Security changes lock down RBHS


Because proximity cards have not yet been issued, there is an intercom for students to enter the building during the day.

Abby Kempf

Under the request of CPS Insurance Provider America’s First Insurance, RBHS, HHS and the CACC are set to begin implementing a new security system with proximity cards and a buzz-in system.
CPS Superintendent Peter Stiepleman said America’s First Insurance demanded the system be in place to ensure the school’s security. All other CPS schools have the safety system already.
Stiepleman said the company hopes that RBHS can keep better track of students with the system. Every time a student scans into the building with their card, the school will know the student is present. The system also keeps any person without a card from entering the building.
On the second day as superintendent, Stiepleman received a letter telling him that the buzz-in system needed to be instituted at the remaining high schools and that campuses must be closed.
“They were saying if it’s the right thing to do at 19 elementary schools, and it’s the right thing to do at all six middle schools, and it’s right thing to do at two of the high schools. Why is it that we aren’t moving forward with a buzz-in at Rock Bridge, Hickman and the Career Center,” Stiepleman said. “And I think they had a good question to ask.”
America’s First Insurance had originally asked for a completely closed campus to keep students in the locked building, reducing the risk of any accidents. But Stiepleman immediately saw issues with this request.
RBHS principal Dr. Jennifer Rukstad quickly defended the motto ‘Freedom with Responsibility’ and simply said no to a closed campus. Combined with the small cafeteria, closed campus would never work at RBHS, Stiepleman said.
“They suggested [to] close lunch and to close AUT off site, and from my perspective there was no way we were going to be able to [do that]. Really it was about honoring the systems that are already in place,” Stiepleman said. “When you say freedom with responsibility at Rock Bridge, it ought to mean something, and if we say freedom with responsibility but you can’t leave, it certainly jeopardizes that motto.”
America’s First Insurance declined to comment on their reasons for the necessity of the proximity card system.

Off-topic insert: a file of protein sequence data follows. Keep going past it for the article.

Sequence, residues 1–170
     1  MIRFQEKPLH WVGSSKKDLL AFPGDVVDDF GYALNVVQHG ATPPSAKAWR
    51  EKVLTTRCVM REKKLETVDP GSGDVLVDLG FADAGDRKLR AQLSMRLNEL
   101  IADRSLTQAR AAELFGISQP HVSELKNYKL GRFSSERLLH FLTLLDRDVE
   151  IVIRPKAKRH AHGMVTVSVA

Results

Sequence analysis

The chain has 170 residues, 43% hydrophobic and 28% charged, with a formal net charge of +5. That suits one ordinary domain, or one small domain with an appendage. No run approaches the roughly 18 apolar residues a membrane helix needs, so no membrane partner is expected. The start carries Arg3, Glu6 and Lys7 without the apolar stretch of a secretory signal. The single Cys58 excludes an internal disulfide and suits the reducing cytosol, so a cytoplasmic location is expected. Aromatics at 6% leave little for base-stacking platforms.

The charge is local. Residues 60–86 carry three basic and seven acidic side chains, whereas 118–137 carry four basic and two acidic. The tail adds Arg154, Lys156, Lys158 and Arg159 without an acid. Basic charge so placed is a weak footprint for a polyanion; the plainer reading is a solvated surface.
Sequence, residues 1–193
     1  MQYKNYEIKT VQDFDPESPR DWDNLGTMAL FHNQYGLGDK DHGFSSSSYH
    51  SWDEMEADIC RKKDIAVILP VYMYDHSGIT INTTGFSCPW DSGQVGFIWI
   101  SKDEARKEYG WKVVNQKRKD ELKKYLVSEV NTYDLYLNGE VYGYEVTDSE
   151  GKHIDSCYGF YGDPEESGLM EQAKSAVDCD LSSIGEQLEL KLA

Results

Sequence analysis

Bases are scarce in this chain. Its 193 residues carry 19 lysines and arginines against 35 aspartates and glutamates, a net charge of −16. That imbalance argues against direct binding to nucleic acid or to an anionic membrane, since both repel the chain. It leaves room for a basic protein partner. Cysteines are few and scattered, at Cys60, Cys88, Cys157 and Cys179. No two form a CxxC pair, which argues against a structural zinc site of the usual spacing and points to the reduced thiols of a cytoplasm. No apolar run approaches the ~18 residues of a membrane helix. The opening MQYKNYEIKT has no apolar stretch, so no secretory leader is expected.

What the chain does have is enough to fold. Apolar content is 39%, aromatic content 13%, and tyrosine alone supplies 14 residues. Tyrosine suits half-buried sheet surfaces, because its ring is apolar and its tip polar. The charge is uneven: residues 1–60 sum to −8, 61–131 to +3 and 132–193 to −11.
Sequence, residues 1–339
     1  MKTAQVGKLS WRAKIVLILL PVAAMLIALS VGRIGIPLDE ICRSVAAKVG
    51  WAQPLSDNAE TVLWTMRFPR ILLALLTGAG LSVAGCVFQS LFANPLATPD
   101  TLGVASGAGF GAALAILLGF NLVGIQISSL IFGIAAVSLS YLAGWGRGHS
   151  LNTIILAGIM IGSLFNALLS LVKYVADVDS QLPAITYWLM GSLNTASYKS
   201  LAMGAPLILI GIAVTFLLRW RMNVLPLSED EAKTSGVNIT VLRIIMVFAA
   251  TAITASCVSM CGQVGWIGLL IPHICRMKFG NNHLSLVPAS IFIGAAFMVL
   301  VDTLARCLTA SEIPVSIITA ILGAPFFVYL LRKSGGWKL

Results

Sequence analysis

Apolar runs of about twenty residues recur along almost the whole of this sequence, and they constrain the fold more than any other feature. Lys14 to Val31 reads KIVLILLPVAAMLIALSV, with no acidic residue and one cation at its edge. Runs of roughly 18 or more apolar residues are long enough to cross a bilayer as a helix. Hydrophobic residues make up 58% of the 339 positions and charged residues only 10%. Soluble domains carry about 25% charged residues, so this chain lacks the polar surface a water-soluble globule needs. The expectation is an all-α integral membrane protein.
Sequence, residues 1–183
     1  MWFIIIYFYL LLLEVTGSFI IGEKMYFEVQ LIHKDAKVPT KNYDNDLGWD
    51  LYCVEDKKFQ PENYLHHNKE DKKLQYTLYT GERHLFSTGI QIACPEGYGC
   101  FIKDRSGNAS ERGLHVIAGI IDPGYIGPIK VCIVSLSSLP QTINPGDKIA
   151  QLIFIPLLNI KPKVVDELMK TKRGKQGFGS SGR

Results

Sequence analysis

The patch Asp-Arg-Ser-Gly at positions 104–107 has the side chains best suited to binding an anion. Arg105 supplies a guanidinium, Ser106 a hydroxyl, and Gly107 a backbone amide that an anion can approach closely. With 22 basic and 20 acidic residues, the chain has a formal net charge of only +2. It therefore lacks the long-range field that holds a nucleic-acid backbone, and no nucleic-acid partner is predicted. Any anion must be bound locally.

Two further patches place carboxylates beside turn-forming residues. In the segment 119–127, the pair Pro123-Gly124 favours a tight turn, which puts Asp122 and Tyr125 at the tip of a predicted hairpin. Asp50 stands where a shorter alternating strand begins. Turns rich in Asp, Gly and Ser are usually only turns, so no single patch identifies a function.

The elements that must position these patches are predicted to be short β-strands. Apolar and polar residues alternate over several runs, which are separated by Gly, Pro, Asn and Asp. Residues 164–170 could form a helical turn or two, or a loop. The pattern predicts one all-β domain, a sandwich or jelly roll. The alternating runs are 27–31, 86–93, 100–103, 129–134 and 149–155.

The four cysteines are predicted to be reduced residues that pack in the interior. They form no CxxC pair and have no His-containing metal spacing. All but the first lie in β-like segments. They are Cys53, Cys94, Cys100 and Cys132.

After Stiepleman asked for a compromise of the proximity card system and his request was granted, the system was promptly installed during the summer. The cards have yet to be distributed.
RBHS assistant principal Brian Gaub said the new system will be relatively simple. A computer sets a schedule for when the door will be locked and unlocked. During lunch and passing periods the door will be unlocked so the natural flow of traffic in and out of RBHS will not turn into a jam.
“If you are a visitor, what you can do is push the intercom button and this camera will let them see you down in the main office and then they hit a button and it unlocks the door,” Gaub said. “In the future [students and faculty] will have a [proximity] card and we can scan it to unlock the door.”
Gaub sees the benefits of the new system, however, he sees flaws in the effectiveness of the system’s ability to keep unwanted people out of the building. He also knows if everyone tries to scan their cards when coming back into the school during popular times, such as before and after lunch, the natural flow of traffic will be inhibited.
“There are plenty of downsides to it. The reality of it is that we have lots of exit doors and any time somebody walks out of those, if it doesn’t latch all the way, it’s not locked,” Gaub said. “Also, if you are going out one of the other doors, you can just hold it for somebody else.”
But Gaub said the system is still an improvement. Even if it does not directly make students safer, it ensures students have safety in their minds.
“I think it causes everybody to contemplate security. Say you are coming here in the middle of the hour and some adult that you’ve never seen before runs up and says ‘Hold the door for me.’ That should cause you to think, that person probably doesn’t belong here,” Gaub said. “All it can really do is increase people’s awareness that there should be an element of security.”
By Abby Kempf